Jefferson Weaver • February, Most Foul

Jefferson Weaver

I hate February.

It wasn’t even February yet when I had my latest reminder, although the scurvy, splintered, spindly, slimy Month of Gloom loomed ominously omnipresent across the calendar and anything else it could leak onto, creeping like a foetid mold that no Clorox can clean, a mold so foetid that the modern spelling of the word “fetid” doesn’t cover it.

That reminder came one morning as I nursed a cup of coffee, the last I could have until on the way to work, since both Miss Rhonda and I had miscalculated how much was in the cupboard.

Archibald the half-grown cat was recovering from a nasty bout of RSV. He likes sitting on my shoulder and purring. This time, however, he was sitting on my lap when he looked me squarely in the eye and sneezed.

If you have ever had a sick kitten, you know what materializes when they sneeze. In this case, it landed in my coffee.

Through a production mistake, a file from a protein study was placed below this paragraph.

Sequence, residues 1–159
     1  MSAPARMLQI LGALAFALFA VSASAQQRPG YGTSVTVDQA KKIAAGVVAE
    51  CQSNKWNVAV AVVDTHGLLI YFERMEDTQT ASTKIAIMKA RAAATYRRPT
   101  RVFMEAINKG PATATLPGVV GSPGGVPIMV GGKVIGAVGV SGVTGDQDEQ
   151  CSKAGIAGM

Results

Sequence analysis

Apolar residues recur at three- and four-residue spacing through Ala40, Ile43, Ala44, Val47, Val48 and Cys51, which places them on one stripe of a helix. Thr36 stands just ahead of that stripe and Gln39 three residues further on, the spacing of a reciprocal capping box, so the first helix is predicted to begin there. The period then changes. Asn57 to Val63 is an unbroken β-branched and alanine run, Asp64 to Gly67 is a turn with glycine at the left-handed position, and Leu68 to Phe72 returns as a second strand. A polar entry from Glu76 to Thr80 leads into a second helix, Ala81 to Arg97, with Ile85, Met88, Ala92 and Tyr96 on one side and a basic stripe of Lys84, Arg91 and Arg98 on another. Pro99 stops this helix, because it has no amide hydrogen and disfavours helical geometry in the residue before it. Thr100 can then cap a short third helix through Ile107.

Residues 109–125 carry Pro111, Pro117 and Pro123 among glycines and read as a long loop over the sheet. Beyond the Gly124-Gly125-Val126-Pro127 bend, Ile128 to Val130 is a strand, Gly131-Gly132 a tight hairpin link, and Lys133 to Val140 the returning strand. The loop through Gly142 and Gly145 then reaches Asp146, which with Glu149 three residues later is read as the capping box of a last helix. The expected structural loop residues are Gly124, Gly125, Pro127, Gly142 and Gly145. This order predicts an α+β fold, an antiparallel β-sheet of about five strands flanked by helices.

I don’t blame the kitten – I blame the onset of February.

February is the mullet-headed menthol-smoking cousin no one is sure is actually kin, the cousin who eats at the family reunion buffet counter, takes a triple-serving of the last of the best banana pudding, and says inappropriate things to the daughters and granddaughters who have just turned 18 whilst hitting on their moms — when he isn’t one-upping everyone else’s hunting, fishing or surgery stories. He probably owes everybody five bucks, too.

As always, I must offer a caveat – February has some good points. There are birthdays of people who are special to me, both blood kin and chosen family. There’s Valentine’s Day, a holiday I actually like. And of course, then there’s…

No. Wait. That’s all.

I despise February.

February marks the end of most hunting, and I usually don’t hunt this close to baby season, anyway, not wanting to damage next year’s harvest. The exception would be feral hogs, but they only come out at night by this time of the year, and I always have to work the next morning.

One can still trap, of course, but the coyotes that remain are trap-smart, winter-poor and sometimes sickly, and usually ain’t worth skinning. Otters and beaver have long since lost their prime fur, since February is the Starving Moon, when everything is hungry and puny, including me.